Third, better pay and better jobs. In the 1990s, the salary of civil servants was extremely low, and it was always late for months or sometimes missed. There weren’t many types of jobs in the private sector you could dream of. The economy of the 1990s was an NGO economy and an aid industry.

Now teachers, the armed forces and civil servants are better paid. It’s not luxury but it’s paid for regularly now and you have to admit the significant change from the 1990s.

Today, the economy is moving towards a commercial economy, more diversified industries, high-end tourism, not just for backpackers, increased development of financial industry, real estate and construction. Jobs for younger generations are more diverse; more STEM-related jobs. There are more universities, more scholarships, and young people have more overseas exposure, triggering domestic ambition to catch up and compete with the region.

Fourth, the social media revolution. Facebook is an agent of change in Cambodian politics and society. People often say they’re more afraid of Facebook than the police. People can complain directly to the Prime Minister if they face injustices. It’s hard to hide any controversy when people have smart phones and the Internet. And almost all Cambodian adults with a regular salary have smart phones with internet. Also, the internet is cheap. Information becomes more and more abundant that it becomes extremely difficult to conceal social controversies or problems affecting the public interest. You can access any news source you want to hear, read or on Facebook, like, dislike or share.

Fifth, a gradual transition to social security and protection. It is a historic milestone that the government has started using the national budget for social security and protection in recent years. This is probably the future trajectory of Cambodia’s socio-economic development.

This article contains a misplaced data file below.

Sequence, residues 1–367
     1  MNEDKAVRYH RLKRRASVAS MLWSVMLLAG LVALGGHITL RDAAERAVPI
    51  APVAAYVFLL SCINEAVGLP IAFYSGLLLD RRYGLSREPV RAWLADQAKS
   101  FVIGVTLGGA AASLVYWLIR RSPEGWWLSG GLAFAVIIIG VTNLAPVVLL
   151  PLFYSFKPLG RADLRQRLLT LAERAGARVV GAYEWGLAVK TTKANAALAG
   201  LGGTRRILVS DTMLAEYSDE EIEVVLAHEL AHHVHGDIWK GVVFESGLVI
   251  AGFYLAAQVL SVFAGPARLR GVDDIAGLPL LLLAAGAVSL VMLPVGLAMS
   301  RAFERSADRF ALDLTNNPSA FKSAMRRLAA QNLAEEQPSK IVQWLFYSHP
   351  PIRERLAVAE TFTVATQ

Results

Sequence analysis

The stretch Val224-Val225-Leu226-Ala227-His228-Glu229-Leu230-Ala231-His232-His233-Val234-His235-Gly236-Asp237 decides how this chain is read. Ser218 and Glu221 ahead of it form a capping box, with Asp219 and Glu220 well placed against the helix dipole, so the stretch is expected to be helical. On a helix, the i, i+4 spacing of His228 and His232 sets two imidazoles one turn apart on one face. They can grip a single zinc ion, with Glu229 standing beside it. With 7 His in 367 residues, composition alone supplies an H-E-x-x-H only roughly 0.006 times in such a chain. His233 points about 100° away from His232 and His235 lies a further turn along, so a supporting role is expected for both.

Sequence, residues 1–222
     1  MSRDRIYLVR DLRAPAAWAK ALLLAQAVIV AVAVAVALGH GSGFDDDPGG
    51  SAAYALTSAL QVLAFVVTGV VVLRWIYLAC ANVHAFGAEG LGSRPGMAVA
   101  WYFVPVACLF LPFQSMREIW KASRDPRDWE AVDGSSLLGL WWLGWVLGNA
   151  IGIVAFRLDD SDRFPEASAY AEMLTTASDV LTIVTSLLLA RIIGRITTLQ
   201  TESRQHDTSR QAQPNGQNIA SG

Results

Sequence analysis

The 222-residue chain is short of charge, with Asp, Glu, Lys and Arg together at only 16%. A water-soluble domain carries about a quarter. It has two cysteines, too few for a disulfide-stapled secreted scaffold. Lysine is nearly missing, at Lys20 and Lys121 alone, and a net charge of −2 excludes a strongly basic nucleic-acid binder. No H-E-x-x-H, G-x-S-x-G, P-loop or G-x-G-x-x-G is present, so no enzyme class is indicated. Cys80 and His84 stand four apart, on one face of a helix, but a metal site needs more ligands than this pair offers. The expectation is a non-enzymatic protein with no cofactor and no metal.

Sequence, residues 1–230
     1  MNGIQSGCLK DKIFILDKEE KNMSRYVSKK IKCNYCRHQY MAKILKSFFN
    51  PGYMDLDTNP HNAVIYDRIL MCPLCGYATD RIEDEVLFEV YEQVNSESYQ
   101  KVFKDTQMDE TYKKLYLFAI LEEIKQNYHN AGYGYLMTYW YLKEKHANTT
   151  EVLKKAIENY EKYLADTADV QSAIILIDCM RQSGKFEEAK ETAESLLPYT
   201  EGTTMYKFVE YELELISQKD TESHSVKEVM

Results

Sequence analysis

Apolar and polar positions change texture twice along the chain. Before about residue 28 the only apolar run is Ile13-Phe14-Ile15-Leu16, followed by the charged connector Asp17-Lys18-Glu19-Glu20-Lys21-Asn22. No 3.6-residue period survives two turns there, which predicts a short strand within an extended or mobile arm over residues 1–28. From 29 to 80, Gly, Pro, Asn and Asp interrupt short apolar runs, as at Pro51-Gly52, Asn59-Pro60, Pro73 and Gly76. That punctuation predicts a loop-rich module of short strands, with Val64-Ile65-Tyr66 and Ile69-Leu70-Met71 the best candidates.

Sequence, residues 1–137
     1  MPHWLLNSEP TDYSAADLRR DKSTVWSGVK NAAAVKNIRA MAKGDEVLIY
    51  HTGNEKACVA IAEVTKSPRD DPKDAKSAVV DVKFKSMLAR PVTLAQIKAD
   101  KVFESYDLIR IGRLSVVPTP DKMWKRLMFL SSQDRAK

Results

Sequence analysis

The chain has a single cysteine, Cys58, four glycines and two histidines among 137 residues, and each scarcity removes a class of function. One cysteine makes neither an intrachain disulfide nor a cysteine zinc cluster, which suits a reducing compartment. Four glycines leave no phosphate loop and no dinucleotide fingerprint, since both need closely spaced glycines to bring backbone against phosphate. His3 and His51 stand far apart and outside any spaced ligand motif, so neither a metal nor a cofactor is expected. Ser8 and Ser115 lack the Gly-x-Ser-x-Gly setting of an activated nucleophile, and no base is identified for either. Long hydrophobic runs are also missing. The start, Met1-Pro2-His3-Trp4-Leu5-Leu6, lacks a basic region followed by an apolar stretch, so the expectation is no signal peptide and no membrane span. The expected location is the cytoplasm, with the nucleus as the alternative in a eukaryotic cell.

When you have jobs, people worry that if they get sick? What would be the future of their children after their retirement or their loss of working capacity? What if they have to sell their land or property to pay for health care? Could they survive on a pension or how would the private sector do without a pension? Is there affordable health insurance with reliable medical care? Is there a hospital in the country that people can count on?

Civil servants, workers in the private sector or in civil society organizations, they all share the same concern for the future, for their work, their lives and the safety of children. Making people feel more secure and inclusive for the future is the next social evolution that Cambodia is heading towards. Although Cambodia is still at the initial stage in terms of security and social protection, the dream and the actions are there. So there should be hope and optimism for Cambodia as it marches towards a safer, more secure and more inclusive future for all.

Is 30 years long enough for us all to look back to see what Cambodia has been through? What did Cambodia do wrong? And what did Cambodia do well? There are many ways to appreciate social change, but at least as it stands, it’s fair to say that Cambodia is moving in the right direction as it reflects on its dark, tragic past.

There is hope and there is a bright future for Cambodia as a nation.

  • Keywords: Cambodia, Paris Peace Accords